Ramsameachire appealed to the BIA, which affirmed the IJ's decision on April 25, 2001. The BIA upheld the IJ's credibility determination, also emphasizing the variance between Ramsameachire's airport interview statements and his hearing testimony, particularly with respect to his reasons for fearing harm and the treatment he received when he was arrested. Although the agency noted that airport interviews are of limited value and that the agency should be “cautious” in relying on inconsistencies between the airport interview and later statements, it concluded that the inconsistencies in Ramsameachire's accounts were so fundamental that they were entitled to “considerable weight.” In light of these inconsistencies, the BIA determined that “[i]t follows that the respondent has failed to satisfy his burden of persuasion,” and “[g]iven our finding in this regard, we need not address the respondent's arguments on appeal relating to the country conditions in Sri Lanka.” With respect to Ramsameachire's CAT claim, the BIA simply stated that he “has failed to establish that he would be subject to torture by any public official in Sri Lanka, ․ and thus has failed to articulate a claim under the [CAT].” This appeal followed.
On appeal, petitioner raises a number of challenges to the determinations of the BIA. First, Ramsameachire argues that the agency should not have relied solely on his airport statement in concluding that inconsistencies in his statements rendered him not credible, and that the denial of asylum was therefore not supported by substantial evidence. Second, Ramsameachire claims that the INS incorrectly relied on its adverse credibility determination, to the exclusion of his proffered evidence of country conditions, in rejecting his claim that he was entitled to asylum based on a pattern or practice of persecution of Tamils. Third, he argues that the INS should not have relied solely on its adverse credibility determination in denying him relief under CAT, and that it should have considered his proffered objective evidence that both Tamils and returned asylum seekers are persecuted in Sri Lanka.
I. Standards of Review
We review the factual findings underlying the BIA's determinations under the substantial evidence standard, reversing only if “no reasonable fact-finder could have failed to find” that petitioner suffered past persecution or had a well-founded fear of future persecution or torture. Diallo v. INS, 232 F.3d 279, 287 (2d Cir.2000); Melgar de Torres v. Reno, 191 F.3d 307, 313 (2d Cir.1999). Although credibility determinations are entitled to the same deference on review as other factual determinations, the fact that the BIA has relied primarily on credibility grounds in dismissing an asylum application cannot insulate the decision from review. See Secaida-Rosales v. INS, 331 F.3d 297, 307 (2d Cir.2003). The BIA must give “specific, cogent” reasons for rejecting the petitioner's testimony, and we will reverse where the adverse credibility determination is based upon speculation or upon an incorrect analysis of the testimony. Id. (quoting Aguilera-Cota v. INS, 914 F.2d 1375, 1381 (9th Cir.1990)). With respect to questions of law, the agency's interpretation of the statutes it administers or its own regulations is entitled to “substantial deference.” See Chevron USA v. Natural Res. Def. Council, 467 U.S. 837, 843, 104 S.Ct. 2778, 81 L.Ed.2d 694 (1984); Diallo, 232 F.3d at 285. In contrast, we review the agency's application of legal principles to undisputed facts de novo. Diallo, 232 F.3d at 287.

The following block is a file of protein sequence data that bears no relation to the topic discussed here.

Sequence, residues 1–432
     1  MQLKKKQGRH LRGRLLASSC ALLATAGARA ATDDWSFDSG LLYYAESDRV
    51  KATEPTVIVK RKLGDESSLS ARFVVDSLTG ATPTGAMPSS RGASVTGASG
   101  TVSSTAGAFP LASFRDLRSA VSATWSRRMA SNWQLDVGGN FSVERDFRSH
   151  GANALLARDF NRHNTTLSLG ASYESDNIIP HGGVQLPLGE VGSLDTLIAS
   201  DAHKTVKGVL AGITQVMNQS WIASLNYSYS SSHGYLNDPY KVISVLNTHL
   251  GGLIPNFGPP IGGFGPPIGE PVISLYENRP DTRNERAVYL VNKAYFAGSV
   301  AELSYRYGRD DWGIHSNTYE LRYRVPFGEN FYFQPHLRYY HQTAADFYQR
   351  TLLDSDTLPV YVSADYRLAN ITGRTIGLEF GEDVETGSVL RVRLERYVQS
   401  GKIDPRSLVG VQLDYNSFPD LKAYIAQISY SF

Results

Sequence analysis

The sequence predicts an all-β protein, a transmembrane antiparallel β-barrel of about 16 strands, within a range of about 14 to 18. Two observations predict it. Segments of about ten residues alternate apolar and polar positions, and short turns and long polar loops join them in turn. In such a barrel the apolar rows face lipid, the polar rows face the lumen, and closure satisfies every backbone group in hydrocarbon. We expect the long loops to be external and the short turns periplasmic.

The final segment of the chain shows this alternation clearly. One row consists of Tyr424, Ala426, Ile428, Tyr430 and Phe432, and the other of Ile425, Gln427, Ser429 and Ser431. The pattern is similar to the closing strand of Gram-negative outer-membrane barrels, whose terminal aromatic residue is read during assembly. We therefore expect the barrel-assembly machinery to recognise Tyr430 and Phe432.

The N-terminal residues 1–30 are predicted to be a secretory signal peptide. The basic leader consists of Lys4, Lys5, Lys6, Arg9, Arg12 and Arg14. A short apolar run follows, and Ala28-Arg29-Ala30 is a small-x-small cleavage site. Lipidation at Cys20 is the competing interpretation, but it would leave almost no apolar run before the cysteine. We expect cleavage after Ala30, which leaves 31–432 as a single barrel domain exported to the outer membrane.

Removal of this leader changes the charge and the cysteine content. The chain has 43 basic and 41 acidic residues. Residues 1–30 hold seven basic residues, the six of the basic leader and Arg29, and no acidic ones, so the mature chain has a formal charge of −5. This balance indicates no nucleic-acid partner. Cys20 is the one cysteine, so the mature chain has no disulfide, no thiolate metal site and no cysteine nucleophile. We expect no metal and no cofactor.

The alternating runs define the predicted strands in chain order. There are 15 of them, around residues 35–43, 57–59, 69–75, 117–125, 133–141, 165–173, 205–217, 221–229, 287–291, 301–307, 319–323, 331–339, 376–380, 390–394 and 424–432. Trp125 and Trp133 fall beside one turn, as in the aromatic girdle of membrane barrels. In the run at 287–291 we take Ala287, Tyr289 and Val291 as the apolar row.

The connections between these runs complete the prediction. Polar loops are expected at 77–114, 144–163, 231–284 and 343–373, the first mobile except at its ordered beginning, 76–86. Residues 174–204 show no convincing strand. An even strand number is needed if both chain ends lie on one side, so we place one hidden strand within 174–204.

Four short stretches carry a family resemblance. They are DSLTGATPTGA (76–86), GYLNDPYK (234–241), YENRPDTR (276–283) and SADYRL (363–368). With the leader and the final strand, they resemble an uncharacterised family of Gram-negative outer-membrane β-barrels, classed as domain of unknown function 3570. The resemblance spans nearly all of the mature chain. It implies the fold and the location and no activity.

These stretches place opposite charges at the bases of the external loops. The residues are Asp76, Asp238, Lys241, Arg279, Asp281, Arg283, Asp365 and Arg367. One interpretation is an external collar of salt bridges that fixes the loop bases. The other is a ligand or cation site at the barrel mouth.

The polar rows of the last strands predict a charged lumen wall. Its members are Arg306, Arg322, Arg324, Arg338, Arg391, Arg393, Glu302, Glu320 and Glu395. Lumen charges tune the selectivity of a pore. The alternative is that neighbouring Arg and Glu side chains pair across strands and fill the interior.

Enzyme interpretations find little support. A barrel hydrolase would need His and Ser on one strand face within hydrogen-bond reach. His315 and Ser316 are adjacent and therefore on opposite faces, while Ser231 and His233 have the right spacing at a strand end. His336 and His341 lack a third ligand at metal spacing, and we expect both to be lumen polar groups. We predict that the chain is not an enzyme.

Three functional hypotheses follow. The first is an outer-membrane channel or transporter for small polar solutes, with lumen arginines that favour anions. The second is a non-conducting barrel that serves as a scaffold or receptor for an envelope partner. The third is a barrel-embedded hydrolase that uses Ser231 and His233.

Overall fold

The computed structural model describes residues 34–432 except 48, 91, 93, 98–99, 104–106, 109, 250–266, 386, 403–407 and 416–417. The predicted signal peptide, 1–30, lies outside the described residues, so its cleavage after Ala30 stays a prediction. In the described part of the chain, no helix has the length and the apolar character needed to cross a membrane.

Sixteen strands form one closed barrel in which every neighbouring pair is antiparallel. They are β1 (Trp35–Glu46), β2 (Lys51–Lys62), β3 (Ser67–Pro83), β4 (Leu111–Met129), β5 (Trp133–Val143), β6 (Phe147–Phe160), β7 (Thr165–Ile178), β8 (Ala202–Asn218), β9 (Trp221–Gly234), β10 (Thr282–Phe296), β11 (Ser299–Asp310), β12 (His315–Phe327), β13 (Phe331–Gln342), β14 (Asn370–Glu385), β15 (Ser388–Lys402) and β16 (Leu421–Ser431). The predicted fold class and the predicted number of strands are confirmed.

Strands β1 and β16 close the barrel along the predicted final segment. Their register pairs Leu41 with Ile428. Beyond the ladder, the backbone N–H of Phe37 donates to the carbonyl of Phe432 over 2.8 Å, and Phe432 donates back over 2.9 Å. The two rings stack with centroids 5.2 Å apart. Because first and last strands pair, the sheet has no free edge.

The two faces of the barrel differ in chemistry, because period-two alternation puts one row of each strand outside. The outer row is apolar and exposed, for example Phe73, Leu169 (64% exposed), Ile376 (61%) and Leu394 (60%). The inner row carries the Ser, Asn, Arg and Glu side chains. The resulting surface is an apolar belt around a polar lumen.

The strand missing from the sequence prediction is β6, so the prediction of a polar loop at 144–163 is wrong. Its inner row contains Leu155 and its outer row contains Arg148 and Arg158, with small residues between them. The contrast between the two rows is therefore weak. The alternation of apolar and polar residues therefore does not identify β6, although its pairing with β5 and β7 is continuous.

II. Ramsameachire's Request for Asylum and Withholding of Removal Pursuant to the INA
An alien seeking asylum in the United States must first establish that he is a “refugee” because he is “unable or unwilling” to return to his native country because of “persecution or a well-founded fear of persecution on account of race, religion, nationality, membership in a particular social group, or political opinion.” 8 U.S.C. § 1101(a)(42). An applicant may qualify for refugee status in two ways. First, he may demonstrate that he has suffered past persecution, in which case a presumption arises that he has a well-founded fear of future persecution. Melgar de Torres, 191 F.3d at 311. Second, the applicant may establish that he has a well-founded fear of future persecution, which requires that the alien present credible testimony that he subjectively fears persecution and establish that his fear is objectively reasonable. Abankwah v. INS, 185 F.3d 18, 22 (2d Cir.1999). Thus, proving well-founded fear requires that the applicant establish both a subjective and an objective element. “The former is established via the applicant's credible testimony that his fear is genuine; while the latter is largely dependent upon the context and believability he can establish for his claims through presentation of reliable, specific, objective supporting evidence.” Cordero-Trejo v. INS, 40 F.3d 482, 491 (1st Cir.1994). Once the applicant establishes that he is a refugee, the Attorney General has discretion to decide whether to grant him asylum. 8 U.S.C. § 1158(b)(1).